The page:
I think in lead and ink
Writing implements are an important part of my life. I carry with me a fountain pen, a ballpoint pen, and a mechanical pencil.
I use the fountain pen for writing. For business matters - signing checks and credit card slips - the ballpoint. For correcting letters and articles, the mechanical pencil with a much-used eraser. In my shoulder bag I carry essential spare parts: lead and erasers for the pencil, ink cartridges for the pens. (I gave up on ink bottles. Too messy.)
Using a fountain pen makes me feel part of a grand tradition, a link to writers who through the centuries have put pen to paper.
On the subject of paper, being a lawyer, I favor long legal pads. Each sheet is an inviting space waiting to be filled.
The clatter of a typewriter I find distracting. My mother, who was otherwise amazingly unmechanical - she experienced difficulty opening car doors and could not manage a can opener - was transformed when sitting in front of a typewriter. Her fingers raced along the keys like those of a concert pianist performing a Tchaikovsky piano concerto. Mother acquired typing skills at a secretarial school in Boston after arriving on these shores at age 16 in 1919 from revolution-torn Russia.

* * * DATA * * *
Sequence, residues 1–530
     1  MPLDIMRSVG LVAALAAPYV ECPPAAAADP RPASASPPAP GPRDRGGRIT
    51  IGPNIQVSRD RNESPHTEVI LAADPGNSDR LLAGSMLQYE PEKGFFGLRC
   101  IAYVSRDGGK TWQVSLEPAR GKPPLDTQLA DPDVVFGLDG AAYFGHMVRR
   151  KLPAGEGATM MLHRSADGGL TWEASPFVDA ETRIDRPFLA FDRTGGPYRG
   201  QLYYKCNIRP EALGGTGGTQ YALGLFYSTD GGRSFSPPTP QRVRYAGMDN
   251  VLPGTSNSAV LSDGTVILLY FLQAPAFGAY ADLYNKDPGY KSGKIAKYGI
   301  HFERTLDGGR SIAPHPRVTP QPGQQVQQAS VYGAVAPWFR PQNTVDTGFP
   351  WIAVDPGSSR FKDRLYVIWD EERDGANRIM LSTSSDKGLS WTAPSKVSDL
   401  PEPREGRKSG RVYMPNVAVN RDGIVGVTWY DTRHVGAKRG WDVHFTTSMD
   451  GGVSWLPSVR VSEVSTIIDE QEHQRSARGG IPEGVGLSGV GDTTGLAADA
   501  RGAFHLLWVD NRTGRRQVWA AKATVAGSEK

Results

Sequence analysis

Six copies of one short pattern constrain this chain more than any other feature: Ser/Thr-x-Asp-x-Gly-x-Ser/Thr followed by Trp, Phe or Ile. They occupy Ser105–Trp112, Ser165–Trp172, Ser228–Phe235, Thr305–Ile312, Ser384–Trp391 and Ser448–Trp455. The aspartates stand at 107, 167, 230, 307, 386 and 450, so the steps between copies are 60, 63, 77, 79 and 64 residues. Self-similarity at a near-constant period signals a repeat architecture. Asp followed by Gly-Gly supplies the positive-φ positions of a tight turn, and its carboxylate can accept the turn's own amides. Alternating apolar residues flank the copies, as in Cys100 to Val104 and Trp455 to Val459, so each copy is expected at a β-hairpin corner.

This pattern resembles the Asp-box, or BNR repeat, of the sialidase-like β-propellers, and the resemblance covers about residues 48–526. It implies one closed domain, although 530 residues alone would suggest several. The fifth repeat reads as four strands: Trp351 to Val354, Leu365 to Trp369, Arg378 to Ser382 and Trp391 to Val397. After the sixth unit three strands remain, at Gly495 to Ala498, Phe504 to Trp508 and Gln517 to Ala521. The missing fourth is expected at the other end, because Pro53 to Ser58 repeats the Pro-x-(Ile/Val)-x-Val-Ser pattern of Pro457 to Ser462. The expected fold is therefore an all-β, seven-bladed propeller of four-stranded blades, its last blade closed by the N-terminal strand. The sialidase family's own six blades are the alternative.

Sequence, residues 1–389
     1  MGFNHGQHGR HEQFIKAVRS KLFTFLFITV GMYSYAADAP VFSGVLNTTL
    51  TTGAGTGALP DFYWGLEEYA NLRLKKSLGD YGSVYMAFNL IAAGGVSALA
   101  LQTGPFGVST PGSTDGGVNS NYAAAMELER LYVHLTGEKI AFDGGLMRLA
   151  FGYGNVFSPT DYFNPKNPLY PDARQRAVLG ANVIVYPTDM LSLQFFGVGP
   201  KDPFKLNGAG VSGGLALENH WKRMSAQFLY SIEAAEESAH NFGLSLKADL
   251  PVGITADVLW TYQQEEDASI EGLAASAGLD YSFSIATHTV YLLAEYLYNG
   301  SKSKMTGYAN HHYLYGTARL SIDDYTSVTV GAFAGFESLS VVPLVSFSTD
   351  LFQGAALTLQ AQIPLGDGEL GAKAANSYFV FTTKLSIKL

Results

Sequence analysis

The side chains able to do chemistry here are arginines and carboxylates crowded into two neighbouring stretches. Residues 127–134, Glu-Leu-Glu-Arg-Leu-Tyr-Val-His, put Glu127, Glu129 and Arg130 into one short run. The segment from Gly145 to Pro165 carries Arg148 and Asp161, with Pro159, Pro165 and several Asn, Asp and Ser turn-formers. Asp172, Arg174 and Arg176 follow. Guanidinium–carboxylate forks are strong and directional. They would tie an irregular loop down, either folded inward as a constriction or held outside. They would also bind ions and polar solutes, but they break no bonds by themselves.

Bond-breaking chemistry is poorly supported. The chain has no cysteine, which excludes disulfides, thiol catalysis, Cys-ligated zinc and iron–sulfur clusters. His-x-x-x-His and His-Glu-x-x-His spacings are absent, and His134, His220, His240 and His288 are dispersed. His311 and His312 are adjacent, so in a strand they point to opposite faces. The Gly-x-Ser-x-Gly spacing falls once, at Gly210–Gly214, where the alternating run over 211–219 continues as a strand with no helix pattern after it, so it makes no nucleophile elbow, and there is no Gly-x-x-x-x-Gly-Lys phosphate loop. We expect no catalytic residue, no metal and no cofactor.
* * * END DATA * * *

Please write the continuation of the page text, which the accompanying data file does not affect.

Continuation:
Yesterday I purchased a new fountain pen. I am using it for the first time. It replaces a purchase I made from a peddler on West 43rd Street. Out of an attaché case he produced a brand-name pen, charging me $15. Probably a counterfeit, the pen looked fine, but the ink flow was irregular. To get the pen to work, I needed to wave it up and down in the air. Writing a paragraph became an athletic endeavor.
I paid $67 for my new pen, a not insignificant sum of money, but modest compared with the $400-plus pens in the lower Manhattan store where I purchased it. Hefty in weight and size, the pen is mahogany-colored with gold trim. The price is high enough for me to be attentive to its whereabouts - losing pens is a frequent occurrence - but not so high that I would be fearful of removing it from its box.
I have yet to try the computer.